Surrounded by river Cauvery , the the river island of Srirangapatna came into prominence after Tipu Sultan, one of the fiercest rulers made it his capital. Situated close to the cultural city of Mysore, this small island exudes the languorous character of a town that still breathes the fame and valour of its erstwhile ruler. The reminiscences of the empire are still evident and most of it are well maintained by the archaeological survey of India. State highway that connects Bengaluru and Mysore cuts the island into two . While travelling from Bengaluru, the fort enclosure and Ranganatha swamy temple is on the right, while Daria Daulat Bagh, Gumbaz and sangam is on the road that leads to the left.
Started early from Bengaluru and had a short stop at Maddur for breakfast before reaching Srirangapatna. I took a right near the bus stand which led me through the narrow road lined with street vendors and went past the Bangalore gate into the heart of this small river island. The island does have a few other entrance gates, namely Mysore gate, Delhi gate, Elephant gate and Water gate. The gates were the entrances into the fort from different sides during the times of Tipu. The first structure that I encountered after entering the fort walls was Jama Masjid, soaked in turmeric yellow. I rode past the masjid and Narasimha temple, and the straight road took me to Ranganatha swamy temple. The road is lined with vendors selling temple paraphernalia, food stalls and horses which are lined up to lure the visitors for a ride.The tall gopuram (entrance tower), though under renovation, looked quite attractive with its wonderful architecture. Built with a beautiful blend of both Hoysala and Vijayanagara architecture, the temple has Vishnu in reclining position as its main deity. The inside of the temple also has some wonderful architectural display on its pillars, ceilings, walls and in its courtyard. The temple teemed with both pilgrims and tourists and I made my way out after paying homage to the lord.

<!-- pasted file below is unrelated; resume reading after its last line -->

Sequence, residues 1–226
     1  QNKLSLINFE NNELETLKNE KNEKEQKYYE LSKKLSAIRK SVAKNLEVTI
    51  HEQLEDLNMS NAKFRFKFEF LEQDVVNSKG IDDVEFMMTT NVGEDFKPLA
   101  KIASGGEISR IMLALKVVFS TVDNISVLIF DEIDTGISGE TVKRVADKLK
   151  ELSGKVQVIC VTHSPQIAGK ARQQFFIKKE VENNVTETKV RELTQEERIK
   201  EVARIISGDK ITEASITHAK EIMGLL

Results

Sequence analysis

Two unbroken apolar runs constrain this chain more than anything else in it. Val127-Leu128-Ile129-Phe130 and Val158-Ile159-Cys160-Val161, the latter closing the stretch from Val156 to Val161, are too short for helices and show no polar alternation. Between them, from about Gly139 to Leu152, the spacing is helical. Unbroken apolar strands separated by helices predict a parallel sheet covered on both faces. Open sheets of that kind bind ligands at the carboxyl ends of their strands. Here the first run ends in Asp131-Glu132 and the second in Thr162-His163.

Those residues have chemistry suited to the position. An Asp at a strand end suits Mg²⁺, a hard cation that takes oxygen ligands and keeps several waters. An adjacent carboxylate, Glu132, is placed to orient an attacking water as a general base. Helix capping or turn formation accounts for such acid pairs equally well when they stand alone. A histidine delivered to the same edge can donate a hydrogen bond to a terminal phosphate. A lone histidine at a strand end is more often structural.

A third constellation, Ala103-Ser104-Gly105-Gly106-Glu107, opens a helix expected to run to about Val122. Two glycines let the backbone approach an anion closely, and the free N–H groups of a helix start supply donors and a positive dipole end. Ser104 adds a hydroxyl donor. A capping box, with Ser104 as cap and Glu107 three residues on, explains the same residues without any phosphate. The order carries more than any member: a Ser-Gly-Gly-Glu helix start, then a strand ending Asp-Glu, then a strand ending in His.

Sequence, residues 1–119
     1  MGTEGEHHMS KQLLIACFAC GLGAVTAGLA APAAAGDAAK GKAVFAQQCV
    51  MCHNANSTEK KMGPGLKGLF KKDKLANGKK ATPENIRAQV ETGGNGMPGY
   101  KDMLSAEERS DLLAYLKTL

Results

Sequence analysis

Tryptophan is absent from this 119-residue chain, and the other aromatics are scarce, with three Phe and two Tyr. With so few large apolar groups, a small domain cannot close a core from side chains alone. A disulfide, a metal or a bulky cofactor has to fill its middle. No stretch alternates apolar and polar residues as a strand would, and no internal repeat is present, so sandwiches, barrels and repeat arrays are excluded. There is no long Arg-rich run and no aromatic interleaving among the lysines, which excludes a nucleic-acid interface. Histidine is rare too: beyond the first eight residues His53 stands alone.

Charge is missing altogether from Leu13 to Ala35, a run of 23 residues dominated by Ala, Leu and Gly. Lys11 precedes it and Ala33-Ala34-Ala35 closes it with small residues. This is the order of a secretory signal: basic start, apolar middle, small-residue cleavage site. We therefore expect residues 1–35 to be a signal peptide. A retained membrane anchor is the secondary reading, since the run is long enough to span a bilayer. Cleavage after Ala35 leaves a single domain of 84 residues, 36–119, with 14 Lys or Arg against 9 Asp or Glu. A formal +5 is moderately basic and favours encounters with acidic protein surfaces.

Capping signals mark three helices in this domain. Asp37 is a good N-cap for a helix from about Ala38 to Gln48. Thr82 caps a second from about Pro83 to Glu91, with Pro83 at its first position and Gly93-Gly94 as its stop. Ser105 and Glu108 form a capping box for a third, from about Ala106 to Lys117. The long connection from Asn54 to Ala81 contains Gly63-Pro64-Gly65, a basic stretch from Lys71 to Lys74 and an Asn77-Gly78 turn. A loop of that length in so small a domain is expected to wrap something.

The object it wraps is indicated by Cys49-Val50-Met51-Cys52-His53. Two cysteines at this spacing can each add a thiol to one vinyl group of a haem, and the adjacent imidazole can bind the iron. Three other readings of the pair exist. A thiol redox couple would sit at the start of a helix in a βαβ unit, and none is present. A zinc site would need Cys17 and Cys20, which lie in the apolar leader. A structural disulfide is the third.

The places of interest have been marked with directions at most crossroads, which helps the tourists. I began with the ruins of Tipu Sultan's palace, also known as Lal mahal, less than 200 meters from the temple. Though only the base structure and a few broken walls remain, the palace was once well known for its splendid designs, rooms and halls of magnificent proportions and underground drains. The palace was dismantled during Colonel Wellesley's rule in early 19th century. The gate was closed when I visited and I peered from outside to have a glimpse of the ruins.